My father: The opposite of a Tiger Mom

Last Sunday, I ran 11 miles – a feat I never thought possible given my extreme hatred of running, coupled with my complete inability to do it with any finesse or skill. Yet when I made it to the finish line, despite how slow I was, I felt like I had accomplished something huge – particularly because it required perseverance. Like running, that’s not always my strong suit.

This Sunday, a mere week later, I hosted a “double playdate” at my house. In other words, I have two children, and each were allowed to have a friend over for several hours.  The amount of energy I exerted during this time felt like 16 times what I put out during last week’s 11 mile run.  The vigilance, the refereeing of arguments, the reminders to “stop doing that” – all take a lot out of a person. But even more so, for me, it’s the pleasing.  The seemingly endless requests – juice boxes, snacks, popsicles, assistance with the sprinkler. Each one brings me running like a waitress aiming to satisfy.

“Another juice box, sir? Coming right up!” I say as I run into the house so fun can continue to be had without a moment’s disruption.

“Your pizza’s still too hot? Here, let me help cool it,” I’ll insist, standing over them while I blow on it, or better yet, wave at it with a towel.

Maybe it’s all those years I waited tables in high school and college at Friendly’s, but I can’t help but to hop-to for every child’s request.  Better to please than the alternative –  although I never wait long enough to find out what that might be.

I like to think – actually I know – I get this from my father. He’s always been a pleaser, too.  Although, with Dad, it likely comes from a deeper, more altruistic, desire to help people. I’m just trying to stem any possibility of tears.

Growing up, my father was always a gentle soul. An elementary school principal the children loved, a dedicated churchgoer and Sunday School teacher, the person in town who sat on any board or committee he was asked to serve on, and there were many.

And then at home he was the father everyone wished they had. Warm, fun, plenty of time to spend playing with his kids and coaching their sports teams.  Offering rides to anybody and anyone who needed one after school dances and outings at the local ski area. A fantastic dad all around. In fact, sometimes, a bit too good…..

I have memories of late-night homework sessions, advanced-levels of algebra bringing me to tears at the kitchen table as he attempted to work it out with me.

“Why don’t you let me work on these and you go and get yourself some rest,” he’d say, gently, as I’d slink off to bed, exhausted and happy to be free of the effort. The next day, I’d turn in HIS work and promptly fail all of the tests, of course.

By the time I reached senior year of high school, I was in advanced placement English courses, and my math classes were practically remedial level.  I hardly cared at the time, but there were many times over the years as an adult when I’d occasionally resent my father for letting me off the hook on the things I had no interest in pursuing in my teens. He thought he was helping, but I began to see it as a failing – a weakness that he hadn’t forced me to power through the tough stuff – like the complicated mathematical equations that I loathed.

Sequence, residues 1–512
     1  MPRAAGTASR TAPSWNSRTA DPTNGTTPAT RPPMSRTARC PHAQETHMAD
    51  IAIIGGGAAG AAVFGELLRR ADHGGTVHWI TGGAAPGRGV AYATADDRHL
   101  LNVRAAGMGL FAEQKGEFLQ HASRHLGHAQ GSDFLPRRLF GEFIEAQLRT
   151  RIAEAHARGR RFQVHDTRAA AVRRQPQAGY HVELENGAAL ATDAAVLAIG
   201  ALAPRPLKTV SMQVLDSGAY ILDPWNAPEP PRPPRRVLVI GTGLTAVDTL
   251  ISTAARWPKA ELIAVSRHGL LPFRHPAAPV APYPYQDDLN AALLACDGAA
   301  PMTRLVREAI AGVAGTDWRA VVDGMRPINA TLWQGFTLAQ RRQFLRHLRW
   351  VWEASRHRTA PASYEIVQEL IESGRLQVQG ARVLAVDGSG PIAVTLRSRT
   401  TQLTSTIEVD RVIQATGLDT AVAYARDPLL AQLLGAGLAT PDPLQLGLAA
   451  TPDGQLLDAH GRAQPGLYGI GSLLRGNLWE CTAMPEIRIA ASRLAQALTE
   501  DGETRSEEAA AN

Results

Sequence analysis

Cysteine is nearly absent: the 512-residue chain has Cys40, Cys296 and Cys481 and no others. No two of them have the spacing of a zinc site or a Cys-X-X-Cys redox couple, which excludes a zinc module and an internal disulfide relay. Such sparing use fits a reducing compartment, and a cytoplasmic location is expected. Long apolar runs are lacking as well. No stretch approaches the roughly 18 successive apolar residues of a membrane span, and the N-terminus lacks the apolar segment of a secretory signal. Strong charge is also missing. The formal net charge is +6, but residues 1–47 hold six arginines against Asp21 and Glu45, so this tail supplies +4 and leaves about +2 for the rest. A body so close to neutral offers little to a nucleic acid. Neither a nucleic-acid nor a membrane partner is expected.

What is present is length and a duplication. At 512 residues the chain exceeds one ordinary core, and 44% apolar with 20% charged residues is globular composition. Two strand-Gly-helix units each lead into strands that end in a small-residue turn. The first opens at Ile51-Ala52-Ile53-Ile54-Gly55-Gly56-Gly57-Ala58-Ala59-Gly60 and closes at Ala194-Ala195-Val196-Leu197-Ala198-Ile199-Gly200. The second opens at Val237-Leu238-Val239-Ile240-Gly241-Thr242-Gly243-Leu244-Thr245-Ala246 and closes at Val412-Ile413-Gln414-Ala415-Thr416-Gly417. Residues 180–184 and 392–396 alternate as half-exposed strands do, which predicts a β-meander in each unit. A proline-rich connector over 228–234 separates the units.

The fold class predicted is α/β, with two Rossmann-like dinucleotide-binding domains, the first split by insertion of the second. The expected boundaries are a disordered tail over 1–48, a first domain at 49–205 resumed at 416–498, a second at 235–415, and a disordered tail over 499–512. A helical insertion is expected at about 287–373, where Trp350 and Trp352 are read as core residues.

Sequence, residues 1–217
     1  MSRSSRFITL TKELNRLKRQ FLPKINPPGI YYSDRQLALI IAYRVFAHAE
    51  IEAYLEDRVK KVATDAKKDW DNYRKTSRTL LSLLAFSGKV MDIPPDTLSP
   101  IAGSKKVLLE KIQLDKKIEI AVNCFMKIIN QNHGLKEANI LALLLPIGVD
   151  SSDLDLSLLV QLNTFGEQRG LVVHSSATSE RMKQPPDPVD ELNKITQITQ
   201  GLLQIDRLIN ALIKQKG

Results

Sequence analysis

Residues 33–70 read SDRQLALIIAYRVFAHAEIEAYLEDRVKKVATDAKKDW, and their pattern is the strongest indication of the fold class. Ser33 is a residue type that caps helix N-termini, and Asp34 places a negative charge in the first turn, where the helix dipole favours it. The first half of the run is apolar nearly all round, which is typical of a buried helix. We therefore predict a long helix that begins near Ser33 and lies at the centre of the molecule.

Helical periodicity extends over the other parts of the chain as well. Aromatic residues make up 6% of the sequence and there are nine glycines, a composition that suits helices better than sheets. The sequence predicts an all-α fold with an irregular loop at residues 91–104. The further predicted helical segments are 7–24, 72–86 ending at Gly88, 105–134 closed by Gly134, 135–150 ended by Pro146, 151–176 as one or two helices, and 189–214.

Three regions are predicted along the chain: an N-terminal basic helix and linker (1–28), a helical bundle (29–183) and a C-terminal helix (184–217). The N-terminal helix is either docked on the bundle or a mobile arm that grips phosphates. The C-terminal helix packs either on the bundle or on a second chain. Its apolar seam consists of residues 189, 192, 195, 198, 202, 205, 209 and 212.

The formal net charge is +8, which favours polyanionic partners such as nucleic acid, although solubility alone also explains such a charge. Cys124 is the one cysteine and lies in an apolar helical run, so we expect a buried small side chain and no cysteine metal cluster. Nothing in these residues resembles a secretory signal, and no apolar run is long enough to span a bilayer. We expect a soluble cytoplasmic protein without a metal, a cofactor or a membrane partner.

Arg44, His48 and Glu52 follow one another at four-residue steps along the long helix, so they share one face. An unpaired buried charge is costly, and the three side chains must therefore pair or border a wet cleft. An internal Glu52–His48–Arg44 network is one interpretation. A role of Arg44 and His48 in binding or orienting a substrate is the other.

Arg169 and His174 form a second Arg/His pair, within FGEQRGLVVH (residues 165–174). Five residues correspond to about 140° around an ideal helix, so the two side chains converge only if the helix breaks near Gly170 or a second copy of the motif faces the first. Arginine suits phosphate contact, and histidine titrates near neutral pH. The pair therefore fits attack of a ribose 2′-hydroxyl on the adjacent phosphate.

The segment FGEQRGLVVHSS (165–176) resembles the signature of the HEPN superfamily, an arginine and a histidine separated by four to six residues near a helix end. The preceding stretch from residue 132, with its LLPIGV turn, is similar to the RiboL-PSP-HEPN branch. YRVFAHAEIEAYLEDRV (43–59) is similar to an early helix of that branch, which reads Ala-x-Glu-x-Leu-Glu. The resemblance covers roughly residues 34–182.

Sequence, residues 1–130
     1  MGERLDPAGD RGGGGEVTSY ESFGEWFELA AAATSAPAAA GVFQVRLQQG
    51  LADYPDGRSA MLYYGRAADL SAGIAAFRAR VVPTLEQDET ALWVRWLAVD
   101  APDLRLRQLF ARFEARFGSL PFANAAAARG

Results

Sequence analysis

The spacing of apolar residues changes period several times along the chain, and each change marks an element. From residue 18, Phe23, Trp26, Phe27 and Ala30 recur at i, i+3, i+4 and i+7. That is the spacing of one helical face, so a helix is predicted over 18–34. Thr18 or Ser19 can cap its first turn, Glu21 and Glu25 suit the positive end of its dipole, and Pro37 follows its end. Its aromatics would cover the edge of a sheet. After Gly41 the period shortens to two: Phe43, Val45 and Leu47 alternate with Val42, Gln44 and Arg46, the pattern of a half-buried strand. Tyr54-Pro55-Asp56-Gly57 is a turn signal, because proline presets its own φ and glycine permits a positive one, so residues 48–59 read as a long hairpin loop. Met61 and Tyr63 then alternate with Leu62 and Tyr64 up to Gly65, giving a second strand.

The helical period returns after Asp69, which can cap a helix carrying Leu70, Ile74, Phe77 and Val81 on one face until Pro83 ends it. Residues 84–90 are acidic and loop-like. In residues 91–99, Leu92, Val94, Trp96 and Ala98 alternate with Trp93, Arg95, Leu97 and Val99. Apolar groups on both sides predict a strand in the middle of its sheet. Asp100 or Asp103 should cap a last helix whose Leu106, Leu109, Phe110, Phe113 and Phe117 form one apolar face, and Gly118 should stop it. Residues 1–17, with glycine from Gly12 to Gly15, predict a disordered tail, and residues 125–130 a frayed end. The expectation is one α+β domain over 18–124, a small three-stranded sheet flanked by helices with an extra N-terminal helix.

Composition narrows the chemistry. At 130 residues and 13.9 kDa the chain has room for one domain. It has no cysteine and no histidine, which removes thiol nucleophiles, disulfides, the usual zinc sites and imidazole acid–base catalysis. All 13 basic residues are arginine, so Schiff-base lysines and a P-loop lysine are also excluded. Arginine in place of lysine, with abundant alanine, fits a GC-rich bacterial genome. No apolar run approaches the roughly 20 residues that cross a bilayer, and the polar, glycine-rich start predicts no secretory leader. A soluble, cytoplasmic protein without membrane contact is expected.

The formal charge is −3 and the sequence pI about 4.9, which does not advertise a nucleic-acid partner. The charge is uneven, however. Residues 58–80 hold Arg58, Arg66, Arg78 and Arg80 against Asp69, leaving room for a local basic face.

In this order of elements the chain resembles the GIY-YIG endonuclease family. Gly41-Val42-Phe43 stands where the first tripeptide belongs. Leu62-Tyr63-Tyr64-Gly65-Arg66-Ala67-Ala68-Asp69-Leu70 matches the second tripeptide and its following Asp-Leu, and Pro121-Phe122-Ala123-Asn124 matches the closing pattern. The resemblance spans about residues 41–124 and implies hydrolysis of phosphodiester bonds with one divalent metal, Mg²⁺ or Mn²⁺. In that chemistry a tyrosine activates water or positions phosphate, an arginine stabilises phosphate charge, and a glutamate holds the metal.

As I’ve grown into my parenting role, I see these characteristics in myself now. My oldest, only 8, and already saddled with what I see is too much homework, often develops tears during math homework he doesn’t “get.”  I try hard to not let him off the hook, as I was, but I have to admit there are times when I do. The antithesis of the Tiger Mother, I just can’t see the point of forcing the child to spend any more than 20 minutes or so struggling with an assignment, or anything else he hates. Especially if my patience, too, pays the price.

I guess in some ways I’m selling my kids short, as maybe my father did me, by allowing me some sanity over perfection, or, even just mere accomplishment, at times. But, my experience in adulthood has been one finds their own way to success with what captures your interest, with what YOU want to do.

There’s the old cliché about “Find what you love and you’ll never work a day in your life.” It’s pretty true.   I’m not saying every day of my career has been perfect, but I’ve generally always enjoyed what I do, because I was allowed to figure it out on my own – as opposed to being forced into anything I “had to do.”

My children are both still very young, and we have many years of school ahead of us until they grow into young adults with some slight idea of where their strengths lie, where their weaknesses exist.  I’m hoping on those tough nights ahead, when I cut them some slack and tell them to go to bed and forget the homework, that they’ll sleep peacefully – confidently –  as I did, resting secure in the knowledge that the best father in the world was quietly working out my math homework, praying only that he was doing the best he could for his daughter.

This entry was posted in Children, Domesticity, Lessons learned, Parenting, Reality check. Bookmark the permalink.

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